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Acad Pediatr. 2019 Apr 10. pii: S1876-2859(19)30111-1. doi: 10.1016/j.acap.2019.04.001. [Epub ahead of print]

Parental Dual use of E-cigarettes and Traditional Cigarettes.

Author information

1
Massachusetts General Hospital for Children, Division of General Academic Pediatrics, Boston, MA, United States; Massachusetts General Hospital, Tobacco Research and Treatment Center, Boston, MA, United States.
2
Massachusetts General Hospital, Tobacco Research and Treatment Center, Boston, MA, United States.
3
Massachusetts General Hospital, Tobacco Research and Treatment Center, Boston, MA, United States; Harvard Medical School, Boston, MA; Massachusetts General Hospital, Mongan Institute Health Policy Center.
4
University of Rochester Medical Center, Department of Public Health Sciences, Rochester, NY.
5
American Academy of Pediatrics, Julius B. Richmond Center of Excellence, Itasca, IL.
6
Massachusetts General Hospital for Children, Division of General Academic Pediatrics, Boston, MA, United States; Massachusetts General Hospital, Tobacco Research and Treatment Center, Boston, MA, United States; Harvard Medical School, Boston, MA; American Academy of Pediatrics, Julius B. Richmond Center of Excellence, Itasca, IL.. Electronic address: jwinickoff@mgh.harvard.edu.

Abstract

BACKGROUND:

E-cigarettes are growing in popularity. Dual use of e-cigarettes and cigarettes is an increasingly common practice, but little is known about patterns of dual use in parents.

OBJECTIVES:

To describe smoking-related behaviors among dual-users.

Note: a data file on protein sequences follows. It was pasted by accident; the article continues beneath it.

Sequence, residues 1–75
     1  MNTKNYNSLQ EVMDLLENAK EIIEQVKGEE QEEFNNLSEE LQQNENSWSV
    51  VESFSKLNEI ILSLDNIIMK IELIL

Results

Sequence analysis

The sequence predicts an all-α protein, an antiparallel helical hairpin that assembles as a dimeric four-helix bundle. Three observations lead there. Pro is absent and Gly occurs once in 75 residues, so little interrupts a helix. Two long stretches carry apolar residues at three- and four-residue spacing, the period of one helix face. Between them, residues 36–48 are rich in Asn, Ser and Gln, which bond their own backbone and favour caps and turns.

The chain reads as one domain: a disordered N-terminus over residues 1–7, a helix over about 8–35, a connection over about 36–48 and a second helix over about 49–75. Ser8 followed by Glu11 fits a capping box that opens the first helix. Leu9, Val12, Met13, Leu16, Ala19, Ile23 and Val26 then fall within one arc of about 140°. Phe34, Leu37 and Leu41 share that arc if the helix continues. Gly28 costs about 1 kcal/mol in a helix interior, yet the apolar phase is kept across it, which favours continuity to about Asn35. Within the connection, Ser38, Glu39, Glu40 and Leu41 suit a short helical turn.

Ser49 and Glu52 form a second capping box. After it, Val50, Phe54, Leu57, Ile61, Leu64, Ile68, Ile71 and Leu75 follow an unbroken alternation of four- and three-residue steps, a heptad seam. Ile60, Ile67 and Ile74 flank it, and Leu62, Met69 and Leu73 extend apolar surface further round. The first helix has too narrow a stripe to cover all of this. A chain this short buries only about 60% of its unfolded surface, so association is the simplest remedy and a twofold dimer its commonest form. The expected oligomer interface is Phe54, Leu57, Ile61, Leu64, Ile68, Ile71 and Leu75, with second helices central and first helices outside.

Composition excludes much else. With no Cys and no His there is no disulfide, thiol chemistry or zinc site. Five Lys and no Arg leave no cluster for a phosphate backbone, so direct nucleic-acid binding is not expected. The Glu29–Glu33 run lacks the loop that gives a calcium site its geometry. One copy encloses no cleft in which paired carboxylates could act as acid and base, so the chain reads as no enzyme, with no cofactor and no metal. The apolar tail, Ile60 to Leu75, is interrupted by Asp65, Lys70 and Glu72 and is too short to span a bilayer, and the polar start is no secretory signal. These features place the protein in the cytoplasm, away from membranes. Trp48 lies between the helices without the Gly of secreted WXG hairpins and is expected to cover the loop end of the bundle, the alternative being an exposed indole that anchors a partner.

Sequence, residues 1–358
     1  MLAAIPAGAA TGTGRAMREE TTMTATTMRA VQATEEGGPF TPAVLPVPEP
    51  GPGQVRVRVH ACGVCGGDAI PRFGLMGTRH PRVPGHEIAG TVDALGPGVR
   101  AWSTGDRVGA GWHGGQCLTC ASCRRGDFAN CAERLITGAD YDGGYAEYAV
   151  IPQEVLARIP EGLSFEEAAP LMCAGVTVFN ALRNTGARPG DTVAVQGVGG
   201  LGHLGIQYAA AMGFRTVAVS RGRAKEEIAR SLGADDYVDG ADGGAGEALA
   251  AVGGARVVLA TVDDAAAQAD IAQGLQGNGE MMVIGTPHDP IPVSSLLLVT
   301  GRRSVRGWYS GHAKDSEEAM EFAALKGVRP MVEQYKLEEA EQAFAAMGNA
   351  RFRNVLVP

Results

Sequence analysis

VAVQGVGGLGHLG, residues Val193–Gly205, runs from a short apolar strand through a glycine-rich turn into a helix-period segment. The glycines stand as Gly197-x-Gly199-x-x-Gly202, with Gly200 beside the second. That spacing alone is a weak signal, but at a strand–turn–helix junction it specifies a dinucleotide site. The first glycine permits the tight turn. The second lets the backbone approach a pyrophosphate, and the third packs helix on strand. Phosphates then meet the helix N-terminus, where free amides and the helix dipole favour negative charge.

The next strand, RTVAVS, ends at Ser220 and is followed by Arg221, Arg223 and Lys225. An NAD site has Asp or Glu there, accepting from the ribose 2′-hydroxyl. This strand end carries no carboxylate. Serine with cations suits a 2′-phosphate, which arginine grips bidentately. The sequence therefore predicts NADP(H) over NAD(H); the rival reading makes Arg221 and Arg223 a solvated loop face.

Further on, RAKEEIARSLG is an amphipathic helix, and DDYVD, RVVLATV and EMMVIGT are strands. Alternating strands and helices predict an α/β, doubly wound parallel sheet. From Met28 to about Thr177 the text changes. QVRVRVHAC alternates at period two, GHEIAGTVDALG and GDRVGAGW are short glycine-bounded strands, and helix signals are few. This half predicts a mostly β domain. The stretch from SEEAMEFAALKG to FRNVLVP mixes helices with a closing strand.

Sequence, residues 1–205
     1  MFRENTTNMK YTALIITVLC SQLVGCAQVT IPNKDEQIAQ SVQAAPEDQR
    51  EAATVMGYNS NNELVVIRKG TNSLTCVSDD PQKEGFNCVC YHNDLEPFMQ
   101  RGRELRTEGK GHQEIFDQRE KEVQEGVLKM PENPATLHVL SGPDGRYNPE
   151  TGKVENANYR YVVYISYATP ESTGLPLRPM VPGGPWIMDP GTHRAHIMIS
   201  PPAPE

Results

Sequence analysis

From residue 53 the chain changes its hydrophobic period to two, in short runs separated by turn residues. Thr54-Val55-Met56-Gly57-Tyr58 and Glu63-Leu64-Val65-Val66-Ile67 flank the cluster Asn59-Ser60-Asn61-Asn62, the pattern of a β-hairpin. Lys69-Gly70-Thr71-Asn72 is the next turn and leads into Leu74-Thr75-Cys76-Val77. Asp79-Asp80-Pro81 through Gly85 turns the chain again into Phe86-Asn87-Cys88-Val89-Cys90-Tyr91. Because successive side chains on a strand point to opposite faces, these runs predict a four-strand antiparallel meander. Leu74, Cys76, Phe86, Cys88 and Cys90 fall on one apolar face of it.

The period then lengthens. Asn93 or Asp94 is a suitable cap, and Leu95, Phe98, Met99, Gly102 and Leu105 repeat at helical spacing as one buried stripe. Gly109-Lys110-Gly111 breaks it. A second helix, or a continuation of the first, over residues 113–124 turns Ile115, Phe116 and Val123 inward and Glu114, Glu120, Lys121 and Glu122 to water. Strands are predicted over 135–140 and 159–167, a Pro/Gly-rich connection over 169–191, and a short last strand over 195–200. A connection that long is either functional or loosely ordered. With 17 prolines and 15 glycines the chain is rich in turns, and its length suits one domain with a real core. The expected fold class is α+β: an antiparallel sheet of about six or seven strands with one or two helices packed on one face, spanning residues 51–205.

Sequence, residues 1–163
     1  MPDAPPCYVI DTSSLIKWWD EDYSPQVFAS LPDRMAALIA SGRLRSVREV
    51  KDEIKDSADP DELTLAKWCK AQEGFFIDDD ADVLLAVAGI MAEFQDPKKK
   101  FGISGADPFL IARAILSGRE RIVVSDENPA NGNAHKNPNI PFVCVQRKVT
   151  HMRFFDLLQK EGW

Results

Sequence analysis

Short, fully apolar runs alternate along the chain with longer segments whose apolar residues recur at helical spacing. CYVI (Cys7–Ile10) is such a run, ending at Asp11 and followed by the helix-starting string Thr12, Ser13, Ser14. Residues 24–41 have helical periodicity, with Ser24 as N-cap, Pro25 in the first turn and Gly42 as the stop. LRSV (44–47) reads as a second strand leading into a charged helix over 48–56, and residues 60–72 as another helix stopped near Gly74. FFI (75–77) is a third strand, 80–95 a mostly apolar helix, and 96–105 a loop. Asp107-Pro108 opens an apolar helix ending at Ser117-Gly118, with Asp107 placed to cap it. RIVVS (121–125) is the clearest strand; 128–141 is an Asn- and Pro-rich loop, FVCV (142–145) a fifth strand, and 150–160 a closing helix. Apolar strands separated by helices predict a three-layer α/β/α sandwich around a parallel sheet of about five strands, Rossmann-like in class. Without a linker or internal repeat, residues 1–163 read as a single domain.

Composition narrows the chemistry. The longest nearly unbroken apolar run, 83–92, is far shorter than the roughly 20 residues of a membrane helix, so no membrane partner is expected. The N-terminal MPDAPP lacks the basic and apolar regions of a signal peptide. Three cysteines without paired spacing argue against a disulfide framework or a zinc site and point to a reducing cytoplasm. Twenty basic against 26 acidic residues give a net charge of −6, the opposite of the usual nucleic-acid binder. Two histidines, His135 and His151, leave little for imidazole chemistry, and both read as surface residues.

METHODS:

Parent exit surveys were conducted following their child's visit in five control pediatric practices in five states participating in the CEASE trial. We examined factors associated with dual use of e-cigarettes and cigarettes vs. cigarette-only smokers, assessed by self-report.

RESULTS:

Of 1382 smokers or recent quitters screened after their child's visit between April-October 2017, 943 (68%) completed the survey. Of these, 727 parents reported current use of cigarettes; and of those, 81 (11.1%) also reported e-cigarette use, meeting the definition of dual use. Compared to cigarette-only smokers, dual users were more likely to have a child younger than 1-year old, planned to quit in the next 6 months, and had tried to quit in the past (had a quit attempt in the past 3 months, called the quitline or used medicine to quit in the past 2 years; P<.05 for each).

CONCLUSION:

Parents who use both e-cigarettes and cigarettes may have higher rates of contemplating smoking cessation than parents who only smoke cigarettes. These parents may be using e-cigarettes for harm reduction or as a step towards cessation. Identification of these parents may provide an opportunity to deliver effective treatment, including nicotine replacement therapies that do not expose infants and children to e-cigarette aerosol.

KEYWORDS:

Parental e-cigarette use; dual use; tobacco control

PMID:
30981026
DOI:
10.1016/j.acap.2019.04.001

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